Tag Archives: Revolutionary War

Stahler widow's pension

Pension Application: Is This Adam Stahler THE Adam Stahler?


Although this story about Adam Stahler and his widow continued to be fascinating, I now believe I was barking up the wrong tree branch, and they are not actually related to me.  I explain elsewhere how that happened.

BEWARE if you are researching the family of Joseph Kaser. There apparently were two Elizabeth Stahlers from Berks County, and the one I have been researching, whose parents were Adam Stahler and Eva Maria Henrich, is not the one who married Joseph Kaser. 

I have left this post for those people who might be researching the Stahler-Henrich lines.


How many Adam Stahler/Stohler/Stollers were there serving in the Revolutionary army from Pennsylvania? A pension application surprised me with an answer.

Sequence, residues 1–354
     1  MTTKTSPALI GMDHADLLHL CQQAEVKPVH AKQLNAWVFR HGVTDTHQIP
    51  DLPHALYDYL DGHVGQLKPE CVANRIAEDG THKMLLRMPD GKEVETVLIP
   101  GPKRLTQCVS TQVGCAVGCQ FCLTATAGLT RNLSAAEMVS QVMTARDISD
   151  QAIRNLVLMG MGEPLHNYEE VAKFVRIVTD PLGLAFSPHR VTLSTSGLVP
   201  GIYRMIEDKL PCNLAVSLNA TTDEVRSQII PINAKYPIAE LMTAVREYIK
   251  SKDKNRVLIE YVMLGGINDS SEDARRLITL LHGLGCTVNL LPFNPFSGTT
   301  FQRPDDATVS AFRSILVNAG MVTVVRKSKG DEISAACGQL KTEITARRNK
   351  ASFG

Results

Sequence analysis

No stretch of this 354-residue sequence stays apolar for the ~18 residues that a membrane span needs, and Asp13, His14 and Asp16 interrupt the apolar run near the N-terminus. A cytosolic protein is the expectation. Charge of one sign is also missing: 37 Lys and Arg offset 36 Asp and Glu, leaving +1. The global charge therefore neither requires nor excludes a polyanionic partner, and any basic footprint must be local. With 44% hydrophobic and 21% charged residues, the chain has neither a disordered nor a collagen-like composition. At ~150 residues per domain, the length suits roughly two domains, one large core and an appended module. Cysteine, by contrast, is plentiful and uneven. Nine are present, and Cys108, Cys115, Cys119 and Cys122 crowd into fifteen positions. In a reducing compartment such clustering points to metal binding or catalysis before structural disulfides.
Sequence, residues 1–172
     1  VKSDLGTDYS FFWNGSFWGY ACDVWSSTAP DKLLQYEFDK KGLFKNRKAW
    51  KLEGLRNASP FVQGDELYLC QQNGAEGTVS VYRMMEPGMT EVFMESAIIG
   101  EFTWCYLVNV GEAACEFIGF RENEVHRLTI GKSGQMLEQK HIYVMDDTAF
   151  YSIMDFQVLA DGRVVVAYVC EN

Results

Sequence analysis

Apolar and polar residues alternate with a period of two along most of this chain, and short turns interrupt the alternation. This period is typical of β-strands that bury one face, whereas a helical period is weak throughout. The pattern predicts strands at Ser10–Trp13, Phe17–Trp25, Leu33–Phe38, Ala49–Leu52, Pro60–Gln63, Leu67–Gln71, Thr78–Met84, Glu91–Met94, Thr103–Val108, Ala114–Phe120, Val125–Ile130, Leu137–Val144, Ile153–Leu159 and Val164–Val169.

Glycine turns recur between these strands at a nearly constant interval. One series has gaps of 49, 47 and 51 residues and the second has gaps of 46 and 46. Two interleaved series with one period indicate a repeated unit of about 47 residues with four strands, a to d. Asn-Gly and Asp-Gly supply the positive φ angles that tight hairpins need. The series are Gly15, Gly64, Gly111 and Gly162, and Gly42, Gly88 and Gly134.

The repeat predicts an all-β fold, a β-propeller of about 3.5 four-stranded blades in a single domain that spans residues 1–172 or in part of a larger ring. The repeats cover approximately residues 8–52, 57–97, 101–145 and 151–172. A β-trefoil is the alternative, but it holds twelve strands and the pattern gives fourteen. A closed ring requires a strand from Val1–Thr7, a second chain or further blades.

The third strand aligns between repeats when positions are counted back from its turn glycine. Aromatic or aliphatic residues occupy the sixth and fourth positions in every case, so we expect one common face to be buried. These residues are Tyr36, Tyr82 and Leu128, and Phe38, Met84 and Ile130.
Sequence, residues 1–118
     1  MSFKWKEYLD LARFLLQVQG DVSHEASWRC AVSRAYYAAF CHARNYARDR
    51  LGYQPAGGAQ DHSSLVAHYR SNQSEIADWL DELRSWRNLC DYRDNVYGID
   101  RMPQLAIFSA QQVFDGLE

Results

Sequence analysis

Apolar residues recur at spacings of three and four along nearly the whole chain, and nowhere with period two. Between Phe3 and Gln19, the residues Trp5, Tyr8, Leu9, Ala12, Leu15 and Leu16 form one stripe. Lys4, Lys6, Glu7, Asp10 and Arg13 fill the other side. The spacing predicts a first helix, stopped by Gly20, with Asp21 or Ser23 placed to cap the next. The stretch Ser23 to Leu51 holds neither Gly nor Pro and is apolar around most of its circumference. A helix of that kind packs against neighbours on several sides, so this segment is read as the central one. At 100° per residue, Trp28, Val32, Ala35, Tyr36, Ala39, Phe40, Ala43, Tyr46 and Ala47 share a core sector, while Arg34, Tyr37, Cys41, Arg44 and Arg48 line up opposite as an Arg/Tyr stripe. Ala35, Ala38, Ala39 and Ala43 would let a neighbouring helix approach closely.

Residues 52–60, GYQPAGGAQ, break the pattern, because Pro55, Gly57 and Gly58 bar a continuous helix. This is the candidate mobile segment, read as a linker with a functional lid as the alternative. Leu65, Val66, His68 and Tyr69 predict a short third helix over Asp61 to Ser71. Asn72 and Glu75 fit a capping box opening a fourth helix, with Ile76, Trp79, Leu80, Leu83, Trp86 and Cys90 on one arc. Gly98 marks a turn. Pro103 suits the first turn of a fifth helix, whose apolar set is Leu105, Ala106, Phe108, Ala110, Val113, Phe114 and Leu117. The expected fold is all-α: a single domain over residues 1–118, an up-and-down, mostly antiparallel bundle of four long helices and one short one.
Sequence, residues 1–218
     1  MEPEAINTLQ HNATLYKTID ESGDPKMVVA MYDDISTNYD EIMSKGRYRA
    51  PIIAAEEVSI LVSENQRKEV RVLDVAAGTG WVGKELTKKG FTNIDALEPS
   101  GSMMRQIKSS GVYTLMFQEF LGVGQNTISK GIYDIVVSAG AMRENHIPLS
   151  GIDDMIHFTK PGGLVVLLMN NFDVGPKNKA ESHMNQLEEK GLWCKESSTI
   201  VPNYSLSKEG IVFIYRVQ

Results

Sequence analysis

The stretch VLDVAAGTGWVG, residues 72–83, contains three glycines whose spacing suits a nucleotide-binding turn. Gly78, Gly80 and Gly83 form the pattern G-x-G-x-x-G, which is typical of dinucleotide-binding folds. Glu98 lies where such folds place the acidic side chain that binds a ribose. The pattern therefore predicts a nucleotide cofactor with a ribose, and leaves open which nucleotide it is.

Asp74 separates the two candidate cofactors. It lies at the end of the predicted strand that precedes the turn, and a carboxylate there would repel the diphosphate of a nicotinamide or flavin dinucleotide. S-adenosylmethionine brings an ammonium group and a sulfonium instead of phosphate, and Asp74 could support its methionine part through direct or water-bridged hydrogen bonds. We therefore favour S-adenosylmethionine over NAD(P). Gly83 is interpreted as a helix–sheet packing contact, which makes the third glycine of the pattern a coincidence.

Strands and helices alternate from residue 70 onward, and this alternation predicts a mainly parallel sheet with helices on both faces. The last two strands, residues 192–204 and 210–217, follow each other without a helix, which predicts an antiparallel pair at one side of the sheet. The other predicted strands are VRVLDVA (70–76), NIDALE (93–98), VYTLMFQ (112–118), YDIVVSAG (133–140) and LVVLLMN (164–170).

Thanks to Fold3, the website that digitizes millions of military records including pension applications, and thanks to the Family Search Center at a local LDS church, I have been able to see the eighty-plus page application for a widow’s pension for my 4x great-grandmother Eva Marie Stahler, survivor of Captain Adam Stahler. I say “see” advisedly, because just because you can see an image of an old document does not necessarily mean you can read it. (More about that in my next post.)